Williams v. CanalesCosts Hearing

In their application for special costs, the insureds submitted that while the question had not been expressly considered in B.C., in other jurisdictions it was settled law that if an insured had to bring a proceeding to enforce a duty to defend, the court would award a complete indemnity for the expense of that proceeding. Intact agreed that the question had not been addressed conclusively in B.C. but disagreed it was settled law in other jurisdictions. Intact argued special costs awards should be confined to misconduct or other behaviour deserving of sanction.

The Court accepted the insureds’ position. It was settled law in other jurisdictions. It referred to three Ontario Court of Appeal decisions from 2000, 2001 and 2003, each of which awarded special costs, as representing the current state of the law. The Court noted that the Courts of Appeal in Newfoundland and New Brunswick had also adopted the Ontario approach, as had the trial level in Manitoba.   The Court further noted that one of the three Ontario decisions, E.M. v. Reed, 2003 CanLII 52150 (Ont. C.A.) mentioned that English and American law favoured full indemnity costs for successful insureds in coverage cases.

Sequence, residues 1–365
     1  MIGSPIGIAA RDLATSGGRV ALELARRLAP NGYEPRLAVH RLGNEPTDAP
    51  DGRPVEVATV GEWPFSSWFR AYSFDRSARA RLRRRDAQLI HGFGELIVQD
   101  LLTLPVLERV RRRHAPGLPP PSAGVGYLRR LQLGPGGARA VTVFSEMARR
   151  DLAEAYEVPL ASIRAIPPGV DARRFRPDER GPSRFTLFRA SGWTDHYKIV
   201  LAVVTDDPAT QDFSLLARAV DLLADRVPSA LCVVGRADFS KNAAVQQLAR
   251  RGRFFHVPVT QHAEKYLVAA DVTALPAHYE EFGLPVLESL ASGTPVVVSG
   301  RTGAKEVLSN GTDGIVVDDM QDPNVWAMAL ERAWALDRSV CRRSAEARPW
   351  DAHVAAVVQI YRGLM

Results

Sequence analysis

Intact cited B.C. decisions which demonstrated a different approach. The Court distinguished those cases and declared that since the issue had not been dealt with in a binding manner in BC, it was therefore a matter of “first impression”.

The Court then referred to the following excerpt from Reed:

“Entitlement to solicitor-and-client costs in the third party proceeding flows directly from the unique nature of the insurance contract which entails a duty to defend at no expense to the insured. The obligation to save harmless the insured from the costs of defending the action is sufficiently broad to encompass the third-party proceedings. It is the contractual basis for the claim to solicitor-and-client costs that justifies the award and therefore constitutes an exception to the usual rule that solicitor-and-client costs will not be awarded except in unusual circumstances.”